By Deb Silverthorn
Kosher restaurants cannot go on without being supported by onsite mashgichim, kashrut supervisors. In Dallas, under the auspices of Dallas Kosher (DK), part of that local crew includes high school students Daniel Goury and Mordechai Weiss. While yet to receive their high school diplomas, the young men have been certified, qualified and educated to the standards of DK.
“These young men are both dedicated, caring and professional. This is not an easy position and it requires great maturity but for sure they both meet the criteria,” said Rabbi Sholey Klein, kashrut administrator at Dallas Kosher. “It is remarkable that high school students, who often take on a job to mow lawns or wash cars, would add such a role to their already hectic schedules but we are grateful they have.
“We are in need of more people to serve the community as mashgichim and we hope other students and adults — men and women who can qualify — will follow their lead,” said Rabbi Klein. “It is good and necessary to make money, but it is also a privilege to do the mitzvahs that come with this particular job.”
Daniel, the son of Heidi Itah and Ronnie and Maya Goury, is the youngest of seven children. He moved to Dallas two years ago from Southern California, where he attended Or Hachaim Academy and Valley Torah High School. Now, a senior at Akiba Yavneh Academy (AYA), he hopes to spend next year at a yeshiva in Israel. After that, he’d like to study business and become an entrepreneur.
Daniel, whose family davens at the Sephardic Torah Center of Dallas and who himself often enjoys spending Shabbat at Congregation Shaare Tefilla, follows his brother Orel as a mashgiach at Tokyo Bar in North Dallas. Before heading to Israel for a gap year, Orel suggested Daniel consider the position. He met with the rabbis and staff of Dallas Kosher, completed the online course supplied by the Kosher Institute of America (KIA) and began supporting the team at Tokyo Bar.
“I wanted a job, responsibility and to develop a work ethic. Because this work is so intensive and you really have to be cautious in almost every action, I know I have achieved that,” Daniel said. “You have to be passionate to do the work, but it is very interesting and I appreciate the respect that comes with my certification and dedication.”
Daniel added, “I appreciate how Rabbi Shawel and Rabbi Klein take every applicant seriously — even those in high school — and that they helped me complete the program. I had heard restaurant work was not easy but my bosses, and our customers at Tokyo Bar, are the best. It has been a great experience.”
A guard on AYA’s varsity basketball team, Daniel is a member of the school’s business and investment club. He and Oren Abramov are co-founders of a health club; Daniel hopes that will address physical care and help students train for physical health and provide opportunities for mental support as well.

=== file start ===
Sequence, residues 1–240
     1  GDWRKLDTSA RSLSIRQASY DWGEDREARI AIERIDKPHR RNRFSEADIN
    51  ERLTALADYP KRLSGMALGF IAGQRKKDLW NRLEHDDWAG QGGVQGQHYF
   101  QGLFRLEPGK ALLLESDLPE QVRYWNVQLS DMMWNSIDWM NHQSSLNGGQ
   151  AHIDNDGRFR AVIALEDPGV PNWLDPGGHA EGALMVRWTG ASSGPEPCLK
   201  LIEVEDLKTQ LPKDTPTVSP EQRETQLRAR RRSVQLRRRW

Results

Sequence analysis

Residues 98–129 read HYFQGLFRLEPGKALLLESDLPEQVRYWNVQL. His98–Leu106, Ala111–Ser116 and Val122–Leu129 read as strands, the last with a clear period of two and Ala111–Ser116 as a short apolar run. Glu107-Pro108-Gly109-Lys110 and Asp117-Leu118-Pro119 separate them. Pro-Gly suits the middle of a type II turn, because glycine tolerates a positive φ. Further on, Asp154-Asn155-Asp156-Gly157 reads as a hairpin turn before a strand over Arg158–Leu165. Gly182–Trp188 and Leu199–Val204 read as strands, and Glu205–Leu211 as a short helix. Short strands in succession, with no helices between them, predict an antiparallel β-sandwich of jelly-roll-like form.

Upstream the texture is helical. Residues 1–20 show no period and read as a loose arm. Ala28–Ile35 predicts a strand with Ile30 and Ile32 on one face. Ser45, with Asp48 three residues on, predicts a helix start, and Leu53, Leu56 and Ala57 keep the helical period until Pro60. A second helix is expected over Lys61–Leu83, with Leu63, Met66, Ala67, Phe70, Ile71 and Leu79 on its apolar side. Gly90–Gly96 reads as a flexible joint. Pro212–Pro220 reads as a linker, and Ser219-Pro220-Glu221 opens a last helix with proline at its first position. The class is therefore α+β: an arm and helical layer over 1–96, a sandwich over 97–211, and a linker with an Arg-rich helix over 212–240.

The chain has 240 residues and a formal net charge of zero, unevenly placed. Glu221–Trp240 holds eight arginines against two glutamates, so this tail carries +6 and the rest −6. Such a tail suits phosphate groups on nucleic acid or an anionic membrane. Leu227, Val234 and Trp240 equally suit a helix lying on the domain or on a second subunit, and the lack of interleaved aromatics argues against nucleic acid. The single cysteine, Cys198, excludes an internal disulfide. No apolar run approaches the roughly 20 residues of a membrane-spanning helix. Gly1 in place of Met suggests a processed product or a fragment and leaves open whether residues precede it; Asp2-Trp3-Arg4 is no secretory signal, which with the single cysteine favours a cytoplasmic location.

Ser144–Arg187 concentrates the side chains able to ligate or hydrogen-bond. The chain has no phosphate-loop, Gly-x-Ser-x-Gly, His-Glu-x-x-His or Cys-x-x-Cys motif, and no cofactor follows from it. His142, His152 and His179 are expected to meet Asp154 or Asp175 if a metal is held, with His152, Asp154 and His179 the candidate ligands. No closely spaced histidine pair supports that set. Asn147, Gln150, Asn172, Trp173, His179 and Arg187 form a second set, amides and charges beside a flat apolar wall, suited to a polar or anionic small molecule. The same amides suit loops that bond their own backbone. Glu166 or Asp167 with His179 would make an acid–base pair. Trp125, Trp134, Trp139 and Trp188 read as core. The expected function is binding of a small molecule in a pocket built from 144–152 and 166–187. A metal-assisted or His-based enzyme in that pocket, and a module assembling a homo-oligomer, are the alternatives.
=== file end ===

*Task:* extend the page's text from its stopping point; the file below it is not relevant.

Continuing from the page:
Daniel’s classmate, Mordechai Weiss, has also followed his brothers into the role of mashgiach. Mordechai is the son of Drs. Simma and Shelley Weiss and the youngest brother of Yosef and Ephraim. Both his older brothers graduated from AYA, took gap years in Israel and are studying at Washington University in St. Louis. Mordechai aspires to follow what his brothers have done. He hopes to study in Israel and then earn a degree in business and computer science at Washington University.
Mordechai is an AYA Jewish High School Math league member; he was a founder of AYA’s entrepreneur club and a campus makerspace program.
Like Daniel, Mordechai passed the interviews with Dallas Kosher and was certified after taking the KIA course. He has worked at both Midtown Pizza and Whole Foods Market.
“Working as a mashgiach is a great learning experience and one I am honored to be able to do. I love people and I love food. I have learned how to conduct myself in the workplace,” said Mordechai.
Both young men are role models who show that teenagers too can support their Jewish community and live the commandments they learn at home and in school.
“Mordechai and Daniel stand out in setting exemplary standards for their peers by their deep engagement with Torah, their genuine appreciation of prayer and mitzvot and how they wholeheartedly embody Judaic values,” said Sara Block, director of high school Judaic studies at AYA. “Their remarkable leadership extends beyond the school as they play an important role in the wider community through their work ensuring kosher standards as mashgichim.”